Nokia Pitches Device Management

By Matt Hines  |  Posted 2006-04-05 Print this article Print

As enterprises launch a myriad of mobile applications on a wide range of wireless devices, Nokia is betting that companies will increasingly look for soup-to-nuts administrative support.

IT administrators are already struggling to support the glut of new wireless applications and devices being adopted within their organizations, and will increasingly look to adopt management services that help support all these tools, according to handset maker Nokia.

As a result, the company launched a new device management package at the CTIA Wireless convention in Las Vegas, a product the company contends will help mobile operators generate more revenues from their existing customers. The new offering is one of the first products born of Nokias buyout of Intellisync, completed in February, which specialized in applications designed to support mobile business applications, specifically wireless e-mail.

Dubbed Intellisync Device Management for Carriers, the package is part of the companys broader Nokia Unified Device Management package, and promises to help carriers offer services such as device memory backup and restoration, device provisioning and configuration, software updating, security and policy management, and diagnostic and repair services.

Nokia executives said the growing adoption of mobile enterprise applications and so-called smart phones, handhelds with PC-like capabilities and software underpinnings, should also begin to drive uptake of device management services.

"Every single time a device is connected to a companys network, it is imperative that the device be managed correctly so that content and security are being kept completely up-to-date," said Tom Libretto, director of marketing for Mobility Solutions in Nokias Enterprise division. "As more smart phones hit the street and companies deploy enterprise applications on those devices, we see a huge opportunity for carriers to provide support for all of those technologies."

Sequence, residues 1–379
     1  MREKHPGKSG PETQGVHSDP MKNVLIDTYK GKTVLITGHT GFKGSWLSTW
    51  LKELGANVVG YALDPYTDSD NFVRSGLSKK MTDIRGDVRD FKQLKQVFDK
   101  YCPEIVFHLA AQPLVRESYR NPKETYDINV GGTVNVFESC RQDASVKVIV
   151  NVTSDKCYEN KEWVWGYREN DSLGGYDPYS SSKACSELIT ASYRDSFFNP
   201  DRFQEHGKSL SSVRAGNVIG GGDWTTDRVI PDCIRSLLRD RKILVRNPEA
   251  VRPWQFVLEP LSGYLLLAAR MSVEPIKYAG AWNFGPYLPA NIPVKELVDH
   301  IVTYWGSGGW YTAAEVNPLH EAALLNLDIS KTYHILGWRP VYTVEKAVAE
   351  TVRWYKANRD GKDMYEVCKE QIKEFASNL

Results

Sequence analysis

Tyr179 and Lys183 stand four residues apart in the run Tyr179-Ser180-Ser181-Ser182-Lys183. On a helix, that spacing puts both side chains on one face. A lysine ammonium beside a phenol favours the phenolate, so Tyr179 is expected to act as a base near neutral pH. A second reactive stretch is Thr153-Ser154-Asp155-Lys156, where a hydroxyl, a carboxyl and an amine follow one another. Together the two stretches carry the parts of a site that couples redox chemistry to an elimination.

Libretto said the Intellisync acquisition helped Nokia take a "drastic step forward" in terms of maturing its management software business, one of the primary reasons the handset maker went after the company. By adding support for many vendors through the deal, the company is trying to establish itself as a less proprietary vendor of carrier services, he said.

Is wireless changing the world? Click here to read more from the CTIA show. Because Intellisync supported a wide range of devices and operating systems before being acquired, the management package is aimed at far more than Nokias existing customers, company executives said. The product currently lists support for devices from Nokia rivals such as Motorola, Samsung, LG, Palm and Sony Ericsson, and mobile platforms including the Symbian OS, Palm OS and Microsofts Windows Mobile.

The service is being offered to carriers via two delivery models, using either a central NOC (network operating center) hosted by the operator, or as a behind-the-firewall system, which is aimed at larger enterprise customers, allowing customers to control all aspects of the system. Nokia is pitching the service under both perpetual licensing and under the monthly subscription packaging popular among users and vendors of hosted applications.

At least one analyst said that demand for device management services should grow in the coming years as companies continue to add new wireless services, forcing major mobile operators to begin looking at alternatives now.

"Mobile device management and mobile security is now a critical component to an enterprise deploying a mobile solution," Stephen Drake, an analyst at IDC, in Framingham, Mass., said in a statement. "The delivery of mobile device management and mobile security solutions through a carrier empowers an increasingly important channel within the mobile ecosystem for both managed services and on-premise offerings to the enterprise."

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